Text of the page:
1812 – 1899
Julius Walker Adams was born in Boston, Massachusetts on October 18, 1812. He attended the United States Military Academy from 1830–31, but, resigned without graduating to start working as an assistant engineer with his uncle, Major George W. Whistler, a well-known railroad engineer, on the Paterson & Hudson River railroad. He then served as assistant engineer of the Stonington & Providence railroad in 1832. From 1836–1844, he served as engineer for the Norwich & Worcester railroad, the Western railroad of Massachusetts, the Albany & Schenectady railroad; and the Brooklyn navy yard, consecutively. From 1845, he served as Superintendent Engineer for the New York & Erie railroad (later to be called the Erie railroad). He was also the engineer for the Cochituate water works of Boston, Massachusetts in 1846. During his time with the New York & Erie railroad, he designed the stone arch Starrucca Viaduct. James P. Kirkwood, who was the construction engineer for the railroad, completed its construction by 1848. In 1851, Adams became editor of Appleton's Mechanics' Magazine and Engineers' Journal .
In 1852, he moved to Kentucky to become the chief engineer for the Lexington & Danville railroad of Kentucky. One year later he gave a presentation to the members of the American Society of Civil Engineers (ASCE) entitled Lexington and Danville Railroad Suspension Bridge over the Kentucky River. He then became the chief engineer for the Memphis & Ohio railroad in 1855. In 1856, he switched from railroad engineering to design and supervised the first large scale urban sewer system in the United States. This system was developed for Brooklyn, New York. In 1860, Adams became engineer for the water works in New Haven, Connecticut.
With the start of the Civil War, he became a colonel in the 67th New York Volunteers and served in Army of the Potomac. He was wounded in the 1862 battle of Fair Oaks, Virginia and resigned from the army to return to Brooklyn. During the New York Draft Riots in 1863, he commanded a body of armed citizens who defended New York Times and Tribune offices (whose newspapers published the names of those selected for service) from the mobs that roamed the city.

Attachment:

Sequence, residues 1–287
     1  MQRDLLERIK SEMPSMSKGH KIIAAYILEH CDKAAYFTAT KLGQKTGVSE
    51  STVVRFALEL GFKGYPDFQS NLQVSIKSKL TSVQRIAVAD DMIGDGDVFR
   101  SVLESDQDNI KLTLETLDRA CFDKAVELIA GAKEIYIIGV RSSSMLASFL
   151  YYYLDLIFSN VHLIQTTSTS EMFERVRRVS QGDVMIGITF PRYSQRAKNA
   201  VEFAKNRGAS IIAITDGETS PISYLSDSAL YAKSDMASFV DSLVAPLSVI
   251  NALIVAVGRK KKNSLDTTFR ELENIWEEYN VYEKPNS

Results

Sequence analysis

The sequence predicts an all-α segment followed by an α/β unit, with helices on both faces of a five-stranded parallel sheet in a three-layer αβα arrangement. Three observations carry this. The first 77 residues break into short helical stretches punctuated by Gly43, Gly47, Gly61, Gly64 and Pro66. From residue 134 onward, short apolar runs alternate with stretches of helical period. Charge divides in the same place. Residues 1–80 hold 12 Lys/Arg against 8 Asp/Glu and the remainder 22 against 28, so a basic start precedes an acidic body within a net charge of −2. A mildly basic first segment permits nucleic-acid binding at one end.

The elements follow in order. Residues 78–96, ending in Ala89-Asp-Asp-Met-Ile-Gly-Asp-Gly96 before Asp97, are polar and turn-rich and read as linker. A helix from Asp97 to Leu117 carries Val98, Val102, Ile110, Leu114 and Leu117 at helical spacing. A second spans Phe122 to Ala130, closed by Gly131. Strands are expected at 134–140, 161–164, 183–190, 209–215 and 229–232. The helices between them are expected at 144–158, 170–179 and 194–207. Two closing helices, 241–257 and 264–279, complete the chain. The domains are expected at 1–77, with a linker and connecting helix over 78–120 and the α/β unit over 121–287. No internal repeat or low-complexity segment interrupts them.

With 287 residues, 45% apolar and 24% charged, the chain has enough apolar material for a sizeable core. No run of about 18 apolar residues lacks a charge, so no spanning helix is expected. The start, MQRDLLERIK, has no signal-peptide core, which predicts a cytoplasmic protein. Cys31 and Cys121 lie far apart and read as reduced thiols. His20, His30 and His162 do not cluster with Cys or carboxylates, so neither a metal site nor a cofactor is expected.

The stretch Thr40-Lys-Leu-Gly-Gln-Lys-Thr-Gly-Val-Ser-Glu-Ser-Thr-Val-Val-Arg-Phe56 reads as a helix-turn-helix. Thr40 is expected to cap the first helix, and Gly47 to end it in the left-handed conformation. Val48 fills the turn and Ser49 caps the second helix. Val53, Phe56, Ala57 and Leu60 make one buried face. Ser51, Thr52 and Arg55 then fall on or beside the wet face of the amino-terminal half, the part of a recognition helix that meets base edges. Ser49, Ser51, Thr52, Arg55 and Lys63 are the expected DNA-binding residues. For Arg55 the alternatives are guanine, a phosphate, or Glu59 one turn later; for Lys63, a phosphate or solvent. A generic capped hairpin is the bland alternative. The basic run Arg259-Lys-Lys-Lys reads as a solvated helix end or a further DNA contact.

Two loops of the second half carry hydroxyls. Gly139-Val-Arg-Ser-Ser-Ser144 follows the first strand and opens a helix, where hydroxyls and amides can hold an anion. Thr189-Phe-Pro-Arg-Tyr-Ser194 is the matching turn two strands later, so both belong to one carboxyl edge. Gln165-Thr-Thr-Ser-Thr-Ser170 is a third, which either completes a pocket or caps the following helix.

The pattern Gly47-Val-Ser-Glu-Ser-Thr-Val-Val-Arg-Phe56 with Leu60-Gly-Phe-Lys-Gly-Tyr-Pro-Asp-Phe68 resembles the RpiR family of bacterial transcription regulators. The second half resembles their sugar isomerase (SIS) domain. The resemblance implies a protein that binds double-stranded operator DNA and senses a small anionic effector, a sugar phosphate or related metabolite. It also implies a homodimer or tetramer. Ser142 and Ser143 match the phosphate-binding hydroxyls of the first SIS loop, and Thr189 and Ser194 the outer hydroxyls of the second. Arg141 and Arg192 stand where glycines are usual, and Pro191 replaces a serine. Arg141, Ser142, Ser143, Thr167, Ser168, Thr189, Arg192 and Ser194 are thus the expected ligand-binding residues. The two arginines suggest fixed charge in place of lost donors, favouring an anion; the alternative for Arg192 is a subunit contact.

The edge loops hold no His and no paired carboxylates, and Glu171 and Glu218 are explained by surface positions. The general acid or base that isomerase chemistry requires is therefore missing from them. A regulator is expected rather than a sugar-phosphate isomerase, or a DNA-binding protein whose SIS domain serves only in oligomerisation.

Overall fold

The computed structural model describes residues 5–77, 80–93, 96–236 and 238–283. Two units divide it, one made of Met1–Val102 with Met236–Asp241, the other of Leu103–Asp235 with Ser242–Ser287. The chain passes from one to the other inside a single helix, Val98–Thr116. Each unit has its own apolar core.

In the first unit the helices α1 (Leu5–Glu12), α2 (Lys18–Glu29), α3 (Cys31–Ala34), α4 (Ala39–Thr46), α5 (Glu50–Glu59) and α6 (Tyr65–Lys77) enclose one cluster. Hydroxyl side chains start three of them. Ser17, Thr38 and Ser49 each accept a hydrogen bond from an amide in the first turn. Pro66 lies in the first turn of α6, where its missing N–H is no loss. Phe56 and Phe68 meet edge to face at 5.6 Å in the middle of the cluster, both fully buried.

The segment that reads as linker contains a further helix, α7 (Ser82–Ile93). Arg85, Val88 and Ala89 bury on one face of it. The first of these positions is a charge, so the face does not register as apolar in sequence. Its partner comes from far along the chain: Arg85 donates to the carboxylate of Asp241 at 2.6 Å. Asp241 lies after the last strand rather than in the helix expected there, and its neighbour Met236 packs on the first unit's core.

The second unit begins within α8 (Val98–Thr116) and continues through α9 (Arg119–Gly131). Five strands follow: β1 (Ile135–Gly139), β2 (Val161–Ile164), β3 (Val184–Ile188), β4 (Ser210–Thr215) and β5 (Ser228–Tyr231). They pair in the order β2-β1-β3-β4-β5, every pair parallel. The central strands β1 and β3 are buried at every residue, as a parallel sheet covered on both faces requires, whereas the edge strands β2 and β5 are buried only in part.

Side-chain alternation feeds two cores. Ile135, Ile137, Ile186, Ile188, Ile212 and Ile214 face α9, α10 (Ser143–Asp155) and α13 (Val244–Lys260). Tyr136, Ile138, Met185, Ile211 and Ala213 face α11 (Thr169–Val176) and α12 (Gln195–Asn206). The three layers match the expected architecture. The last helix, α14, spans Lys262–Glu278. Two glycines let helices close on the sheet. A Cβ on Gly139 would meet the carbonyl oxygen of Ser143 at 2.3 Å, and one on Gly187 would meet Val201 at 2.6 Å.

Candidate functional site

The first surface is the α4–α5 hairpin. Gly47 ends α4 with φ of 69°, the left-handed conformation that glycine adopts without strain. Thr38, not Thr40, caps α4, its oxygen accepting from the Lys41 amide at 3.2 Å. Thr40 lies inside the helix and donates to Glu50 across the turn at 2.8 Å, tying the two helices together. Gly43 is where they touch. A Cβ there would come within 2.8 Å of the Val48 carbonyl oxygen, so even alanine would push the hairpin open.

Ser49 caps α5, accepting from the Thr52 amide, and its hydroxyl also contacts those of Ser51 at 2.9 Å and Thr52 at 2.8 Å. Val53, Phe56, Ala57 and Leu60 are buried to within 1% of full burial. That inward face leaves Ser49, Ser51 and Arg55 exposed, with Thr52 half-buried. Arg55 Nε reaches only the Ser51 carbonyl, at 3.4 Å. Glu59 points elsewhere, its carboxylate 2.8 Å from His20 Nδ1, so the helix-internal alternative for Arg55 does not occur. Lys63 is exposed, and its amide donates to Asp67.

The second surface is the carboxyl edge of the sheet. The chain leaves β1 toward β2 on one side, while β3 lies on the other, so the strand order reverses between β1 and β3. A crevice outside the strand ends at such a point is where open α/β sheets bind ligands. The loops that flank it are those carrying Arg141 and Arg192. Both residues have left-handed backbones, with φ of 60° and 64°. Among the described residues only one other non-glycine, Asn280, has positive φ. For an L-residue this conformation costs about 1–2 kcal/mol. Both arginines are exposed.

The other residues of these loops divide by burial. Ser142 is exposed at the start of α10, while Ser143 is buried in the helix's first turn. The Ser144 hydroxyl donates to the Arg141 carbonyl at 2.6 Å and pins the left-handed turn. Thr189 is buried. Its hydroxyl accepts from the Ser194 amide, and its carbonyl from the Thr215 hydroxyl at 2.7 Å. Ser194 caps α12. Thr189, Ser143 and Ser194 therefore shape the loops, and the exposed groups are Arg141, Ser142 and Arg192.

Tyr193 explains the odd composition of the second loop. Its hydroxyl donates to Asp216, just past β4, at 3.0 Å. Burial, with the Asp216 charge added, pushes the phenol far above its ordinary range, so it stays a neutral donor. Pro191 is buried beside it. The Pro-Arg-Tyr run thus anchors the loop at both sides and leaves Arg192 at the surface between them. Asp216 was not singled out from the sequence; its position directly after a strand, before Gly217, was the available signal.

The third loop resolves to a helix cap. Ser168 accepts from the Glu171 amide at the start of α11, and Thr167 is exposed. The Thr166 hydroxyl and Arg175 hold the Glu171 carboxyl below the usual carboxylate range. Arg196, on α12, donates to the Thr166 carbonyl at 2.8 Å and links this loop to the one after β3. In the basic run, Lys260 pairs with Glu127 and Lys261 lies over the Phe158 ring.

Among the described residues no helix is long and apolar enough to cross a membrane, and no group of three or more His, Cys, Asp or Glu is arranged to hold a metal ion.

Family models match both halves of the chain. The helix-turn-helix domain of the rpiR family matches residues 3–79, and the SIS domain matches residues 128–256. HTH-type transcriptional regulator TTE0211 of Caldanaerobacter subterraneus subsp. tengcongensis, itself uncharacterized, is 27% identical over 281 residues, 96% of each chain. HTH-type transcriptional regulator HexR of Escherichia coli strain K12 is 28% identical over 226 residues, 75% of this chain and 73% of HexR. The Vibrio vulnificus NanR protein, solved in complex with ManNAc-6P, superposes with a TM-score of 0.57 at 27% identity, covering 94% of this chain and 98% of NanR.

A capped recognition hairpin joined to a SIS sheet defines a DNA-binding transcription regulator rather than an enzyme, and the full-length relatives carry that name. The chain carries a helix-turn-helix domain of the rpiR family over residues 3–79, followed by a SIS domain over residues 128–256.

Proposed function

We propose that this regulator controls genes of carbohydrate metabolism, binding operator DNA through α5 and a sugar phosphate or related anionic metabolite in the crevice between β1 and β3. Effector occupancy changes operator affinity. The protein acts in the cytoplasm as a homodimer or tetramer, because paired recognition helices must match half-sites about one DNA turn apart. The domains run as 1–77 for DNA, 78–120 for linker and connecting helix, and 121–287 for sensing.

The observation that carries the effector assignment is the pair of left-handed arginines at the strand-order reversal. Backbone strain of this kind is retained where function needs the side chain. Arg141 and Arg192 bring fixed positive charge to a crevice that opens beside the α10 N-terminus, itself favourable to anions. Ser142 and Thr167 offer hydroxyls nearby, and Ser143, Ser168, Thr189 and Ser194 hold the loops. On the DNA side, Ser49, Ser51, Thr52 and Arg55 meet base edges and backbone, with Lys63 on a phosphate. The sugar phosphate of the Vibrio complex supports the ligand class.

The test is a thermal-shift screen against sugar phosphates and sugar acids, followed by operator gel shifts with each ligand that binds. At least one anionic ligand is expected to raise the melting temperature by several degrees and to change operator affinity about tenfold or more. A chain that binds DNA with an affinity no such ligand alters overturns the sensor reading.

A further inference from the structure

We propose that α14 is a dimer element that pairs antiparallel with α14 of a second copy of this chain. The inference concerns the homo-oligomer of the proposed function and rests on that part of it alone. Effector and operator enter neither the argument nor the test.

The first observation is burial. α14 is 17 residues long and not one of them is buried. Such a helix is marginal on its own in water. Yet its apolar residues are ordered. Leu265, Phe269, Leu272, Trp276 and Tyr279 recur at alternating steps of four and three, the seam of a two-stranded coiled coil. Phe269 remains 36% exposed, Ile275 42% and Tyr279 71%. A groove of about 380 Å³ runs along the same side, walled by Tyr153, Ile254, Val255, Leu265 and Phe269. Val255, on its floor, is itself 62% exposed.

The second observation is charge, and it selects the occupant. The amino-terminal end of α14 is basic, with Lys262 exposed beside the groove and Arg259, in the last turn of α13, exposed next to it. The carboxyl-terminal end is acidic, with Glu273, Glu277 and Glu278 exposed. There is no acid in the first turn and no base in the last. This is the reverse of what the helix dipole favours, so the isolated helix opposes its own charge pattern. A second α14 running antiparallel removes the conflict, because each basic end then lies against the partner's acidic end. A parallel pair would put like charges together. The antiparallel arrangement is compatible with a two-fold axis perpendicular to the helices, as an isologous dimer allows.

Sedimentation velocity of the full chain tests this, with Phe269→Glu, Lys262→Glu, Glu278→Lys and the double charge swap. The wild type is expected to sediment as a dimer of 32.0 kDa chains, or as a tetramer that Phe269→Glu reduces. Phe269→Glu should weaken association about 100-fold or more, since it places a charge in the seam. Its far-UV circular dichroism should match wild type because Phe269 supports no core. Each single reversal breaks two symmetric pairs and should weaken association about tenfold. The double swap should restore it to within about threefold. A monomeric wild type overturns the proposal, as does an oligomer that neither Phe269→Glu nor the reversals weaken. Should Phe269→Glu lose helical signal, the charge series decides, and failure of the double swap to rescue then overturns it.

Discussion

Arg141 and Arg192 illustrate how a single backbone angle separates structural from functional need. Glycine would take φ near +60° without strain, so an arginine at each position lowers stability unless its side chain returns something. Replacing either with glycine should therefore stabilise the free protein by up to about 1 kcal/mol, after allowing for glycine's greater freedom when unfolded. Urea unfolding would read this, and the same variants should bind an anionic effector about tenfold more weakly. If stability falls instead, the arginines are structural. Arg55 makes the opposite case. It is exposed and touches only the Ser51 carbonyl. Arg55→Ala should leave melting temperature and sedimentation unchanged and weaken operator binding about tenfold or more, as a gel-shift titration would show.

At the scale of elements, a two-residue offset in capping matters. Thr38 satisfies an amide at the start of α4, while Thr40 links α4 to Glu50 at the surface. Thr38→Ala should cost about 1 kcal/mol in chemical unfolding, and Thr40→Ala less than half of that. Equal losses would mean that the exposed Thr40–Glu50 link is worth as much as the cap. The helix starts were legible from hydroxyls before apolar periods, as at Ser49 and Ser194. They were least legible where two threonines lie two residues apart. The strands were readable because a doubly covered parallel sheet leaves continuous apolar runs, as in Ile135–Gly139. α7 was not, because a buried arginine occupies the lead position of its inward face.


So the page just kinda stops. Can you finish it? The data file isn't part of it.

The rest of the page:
In 1864, he was also one of the first to propose the building of a suspension bridge over the East River. Later, he served on the panel of consultants that John A. Roebling assembled to review his Brooklyn Bridge proposal. After the war, Adams went back to engineering and served as chief engineer for the Brooklyn Department of City Works from 1869–1877. During this time (1875), he also took the time to examine the sewer system for the city of Providence, Rhode Island. He then served as the construction engineer for the New York City Department of Public Works from 1880–1886. Finally, his last major position was as director of the Panama railroad from 1888–1893.
In 1852, Adams became one of the founders of ASCE and helped to draft ASCE's first Constitution. He served as Director in 1853 and 1878; Vice-President from 1868–1873, and President from 1874–1875. Adams was elected Honorary Member of ASCE in 1888.
Adams was also the American editor of Templeton's Engineer, Millwright, and Mechanics' Companion — Report on the Pollution of Rivers, published by the New York Academy of Sciences in 1875. In 1880 he wrote the first comprehensive treatise, Sewers and Drains in Populous Districts, on the sewering of towns issued in America. He also presented a report to the New Jersey state board of health entitled On the Disposal of Sewage in Cities in 1883.
Adams was the son of Eli and Sarah Delano (Swift) Adams. He married Elizabeth Denison in 1835 and had five sons and three daughters. He died in Brooklyn, New York on December 13, 1899.